“It’s not just UWM that will benefit from having the Freshwater School there, but it really will become a forum for academic and business and environmental interests from around the world,” Luljak said.

As originally envisioned, the facility on the Pieces of Eight site apparently included the headquarters of the Milwaukee Water Council, a committee of the Milwaukee 7, a business group focused on promoting southeastern Wisconsin to other businesses. But the involvement of the Water Council may complicate UWM’s plans, and representatives of the Greater Milwaukee Committee, the driving force behind the M7, didn’t want to comment on UWM’s plans for this article. But it’s thought that the council’s presence will be minimized in the facility.

The Water Council is a private business organization focused on commercial pursuits. And that mission seems to be contrary to the Public Trust Doctrine, which governs the use of land along Wisconsin’s waterways. In short, the city owns the land— which is filled-in lakebed—but it’s held in the public’s trust and is overseen by the DNR.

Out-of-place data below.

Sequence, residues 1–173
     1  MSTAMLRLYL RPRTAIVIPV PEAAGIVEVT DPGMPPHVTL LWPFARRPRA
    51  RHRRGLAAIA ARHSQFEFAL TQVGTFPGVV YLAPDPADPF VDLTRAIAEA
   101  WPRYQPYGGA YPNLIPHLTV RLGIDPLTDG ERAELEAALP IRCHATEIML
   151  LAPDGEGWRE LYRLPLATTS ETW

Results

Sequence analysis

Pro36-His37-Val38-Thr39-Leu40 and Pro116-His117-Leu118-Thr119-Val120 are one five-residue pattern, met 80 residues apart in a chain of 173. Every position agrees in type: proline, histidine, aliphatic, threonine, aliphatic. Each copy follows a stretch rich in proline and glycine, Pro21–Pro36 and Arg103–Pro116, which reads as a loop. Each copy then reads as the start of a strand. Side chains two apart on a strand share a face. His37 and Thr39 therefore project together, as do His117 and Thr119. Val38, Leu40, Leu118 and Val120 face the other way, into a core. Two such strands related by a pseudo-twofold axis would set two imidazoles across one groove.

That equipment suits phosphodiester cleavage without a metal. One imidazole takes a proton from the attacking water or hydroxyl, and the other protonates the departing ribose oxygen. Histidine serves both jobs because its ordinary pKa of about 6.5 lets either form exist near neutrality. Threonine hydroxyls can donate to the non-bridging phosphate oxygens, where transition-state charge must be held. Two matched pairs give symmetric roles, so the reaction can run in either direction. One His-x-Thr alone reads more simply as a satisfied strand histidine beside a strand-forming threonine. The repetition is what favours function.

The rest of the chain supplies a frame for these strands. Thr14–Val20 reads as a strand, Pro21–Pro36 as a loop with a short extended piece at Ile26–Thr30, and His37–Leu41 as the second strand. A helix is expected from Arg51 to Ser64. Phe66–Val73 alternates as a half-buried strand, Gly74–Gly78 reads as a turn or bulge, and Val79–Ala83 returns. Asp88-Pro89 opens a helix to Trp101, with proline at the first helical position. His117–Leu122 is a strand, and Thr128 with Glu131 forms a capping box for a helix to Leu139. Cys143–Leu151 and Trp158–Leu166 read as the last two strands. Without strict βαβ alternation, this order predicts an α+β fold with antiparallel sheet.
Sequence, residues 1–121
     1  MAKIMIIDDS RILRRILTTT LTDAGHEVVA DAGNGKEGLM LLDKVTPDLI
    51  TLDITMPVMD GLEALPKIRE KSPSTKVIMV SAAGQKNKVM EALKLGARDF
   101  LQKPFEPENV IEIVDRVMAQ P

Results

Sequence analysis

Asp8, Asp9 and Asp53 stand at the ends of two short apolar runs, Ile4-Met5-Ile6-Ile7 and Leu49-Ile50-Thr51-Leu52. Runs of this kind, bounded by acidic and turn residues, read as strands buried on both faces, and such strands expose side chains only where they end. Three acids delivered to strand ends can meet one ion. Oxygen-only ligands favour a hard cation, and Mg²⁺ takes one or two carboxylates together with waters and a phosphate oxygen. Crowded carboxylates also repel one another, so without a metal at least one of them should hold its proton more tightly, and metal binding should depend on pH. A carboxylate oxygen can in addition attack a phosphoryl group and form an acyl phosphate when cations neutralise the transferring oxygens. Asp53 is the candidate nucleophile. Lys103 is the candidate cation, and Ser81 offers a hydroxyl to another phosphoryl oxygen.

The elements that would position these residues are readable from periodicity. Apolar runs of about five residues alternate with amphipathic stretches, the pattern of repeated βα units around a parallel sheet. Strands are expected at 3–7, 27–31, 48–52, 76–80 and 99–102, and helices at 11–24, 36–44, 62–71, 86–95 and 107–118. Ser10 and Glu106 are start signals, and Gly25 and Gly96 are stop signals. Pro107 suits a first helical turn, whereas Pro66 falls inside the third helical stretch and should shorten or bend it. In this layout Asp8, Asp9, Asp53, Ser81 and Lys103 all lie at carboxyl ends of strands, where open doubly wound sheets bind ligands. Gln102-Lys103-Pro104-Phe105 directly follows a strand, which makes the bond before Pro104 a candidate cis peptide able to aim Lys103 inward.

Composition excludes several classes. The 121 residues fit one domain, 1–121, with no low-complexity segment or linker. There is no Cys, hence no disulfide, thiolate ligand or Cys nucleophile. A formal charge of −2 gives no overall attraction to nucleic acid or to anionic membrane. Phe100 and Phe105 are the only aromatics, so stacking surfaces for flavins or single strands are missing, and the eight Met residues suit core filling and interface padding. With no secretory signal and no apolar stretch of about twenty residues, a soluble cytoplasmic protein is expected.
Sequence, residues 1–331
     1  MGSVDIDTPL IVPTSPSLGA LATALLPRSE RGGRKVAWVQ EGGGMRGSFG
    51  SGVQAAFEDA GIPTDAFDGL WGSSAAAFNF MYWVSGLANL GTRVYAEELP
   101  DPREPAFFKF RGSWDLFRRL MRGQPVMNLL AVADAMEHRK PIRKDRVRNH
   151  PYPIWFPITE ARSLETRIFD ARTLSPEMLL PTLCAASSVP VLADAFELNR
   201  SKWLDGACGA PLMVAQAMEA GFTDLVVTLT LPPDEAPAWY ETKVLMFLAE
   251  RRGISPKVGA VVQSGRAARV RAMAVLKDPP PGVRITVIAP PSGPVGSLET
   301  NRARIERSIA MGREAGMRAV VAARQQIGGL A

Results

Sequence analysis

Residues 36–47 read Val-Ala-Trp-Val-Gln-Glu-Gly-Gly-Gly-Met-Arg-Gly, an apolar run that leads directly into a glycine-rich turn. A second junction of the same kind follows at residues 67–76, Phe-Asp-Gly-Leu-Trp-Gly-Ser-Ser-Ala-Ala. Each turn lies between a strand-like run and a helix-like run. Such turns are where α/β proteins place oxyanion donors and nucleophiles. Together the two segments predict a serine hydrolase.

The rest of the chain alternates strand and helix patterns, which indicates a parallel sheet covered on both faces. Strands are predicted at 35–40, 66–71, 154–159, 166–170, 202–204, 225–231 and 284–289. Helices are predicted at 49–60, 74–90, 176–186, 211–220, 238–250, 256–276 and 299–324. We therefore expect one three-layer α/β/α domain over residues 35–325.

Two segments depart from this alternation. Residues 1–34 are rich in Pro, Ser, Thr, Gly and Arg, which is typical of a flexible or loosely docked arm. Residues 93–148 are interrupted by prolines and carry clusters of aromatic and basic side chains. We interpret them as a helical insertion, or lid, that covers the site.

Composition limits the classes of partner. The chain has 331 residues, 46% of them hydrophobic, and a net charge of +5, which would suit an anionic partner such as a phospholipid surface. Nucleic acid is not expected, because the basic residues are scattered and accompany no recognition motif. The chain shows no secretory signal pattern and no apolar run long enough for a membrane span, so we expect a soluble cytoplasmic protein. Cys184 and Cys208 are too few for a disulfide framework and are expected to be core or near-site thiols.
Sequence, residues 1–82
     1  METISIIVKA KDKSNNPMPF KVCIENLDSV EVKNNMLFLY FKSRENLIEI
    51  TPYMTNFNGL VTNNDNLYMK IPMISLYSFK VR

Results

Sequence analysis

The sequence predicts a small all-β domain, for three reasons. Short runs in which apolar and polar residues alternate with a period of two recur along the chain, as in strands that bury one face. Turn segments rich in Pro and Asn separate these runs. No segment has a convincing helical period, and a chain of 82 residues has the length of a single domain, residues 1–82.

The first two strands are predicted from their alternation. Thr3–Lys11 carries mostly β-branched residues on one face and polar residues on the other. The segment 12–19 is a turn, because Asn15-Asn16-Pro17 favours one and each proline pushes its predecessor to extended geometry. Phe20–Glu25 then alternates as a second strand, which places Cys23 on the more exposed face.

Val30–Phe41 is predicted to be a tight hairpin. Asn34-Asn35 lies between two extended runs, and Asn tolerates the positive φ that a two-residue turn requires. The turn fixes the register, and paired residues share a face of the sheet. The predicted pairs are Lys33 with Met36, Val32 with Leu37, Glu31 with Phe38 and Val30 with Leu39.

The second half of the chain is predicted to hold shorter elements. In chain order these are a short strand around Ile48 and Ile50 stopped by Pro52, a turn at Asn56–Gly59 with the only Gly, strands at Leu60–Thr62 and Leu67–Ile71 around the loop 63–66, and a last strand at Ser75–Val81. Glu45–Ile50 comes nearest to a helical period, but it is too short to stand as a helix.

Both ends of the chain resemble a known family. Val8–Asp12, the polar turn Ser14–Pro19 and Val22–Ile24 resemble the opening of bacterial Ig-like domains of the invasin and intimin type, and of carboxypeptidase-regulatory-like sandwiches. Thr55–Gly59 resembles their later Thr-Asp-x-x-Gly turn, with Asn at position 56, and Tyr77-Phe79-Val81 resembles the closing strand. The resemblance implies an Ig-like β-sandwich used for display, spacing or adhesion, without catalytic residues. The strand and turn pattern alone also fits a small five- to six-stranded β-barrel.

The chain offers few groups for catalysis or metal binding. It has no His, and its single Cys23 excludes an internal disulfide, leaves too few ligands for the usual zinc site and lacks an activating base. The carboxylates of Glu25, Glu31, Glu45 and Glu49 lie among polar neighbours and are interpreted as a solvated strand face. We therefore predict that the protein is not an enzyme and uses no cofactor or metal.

Larry Sullivan, chief engineer for the Port of Milwaukee, said lakefront land north of Wisconsin Avenue is devoted to the public’s recreation, and includes county parkland and Bradford and McKinley beaches. Land south of Wisconsin Avenue, however, is designated for harbor navigation, fisheries and other uses the Board of Harbor Commissioners deems appropriate, Sullivan said. That land includes the Pieces of Eight site. The Harbor Commission could decide that the freshwater center fits that purpose—after all, it had approved Discovery World, which is also devoted to educating the public about freshwater resources—and the proposed location is a state university building that would be open to the public.

“The facility doesn’t violate, and in fact we believe it actually supports and upholds the tenets of the Public Trust Doctrine because it uses that space in a fashion that serves the broadest number of people,” UWM’s Luljak said.

UWM had briefed the DNR back in January about its plans. In a February 25 letter from Liesa Lehmann, DNR Waterway Protection Section Chief, the agency seems to give preliminary approval for the project.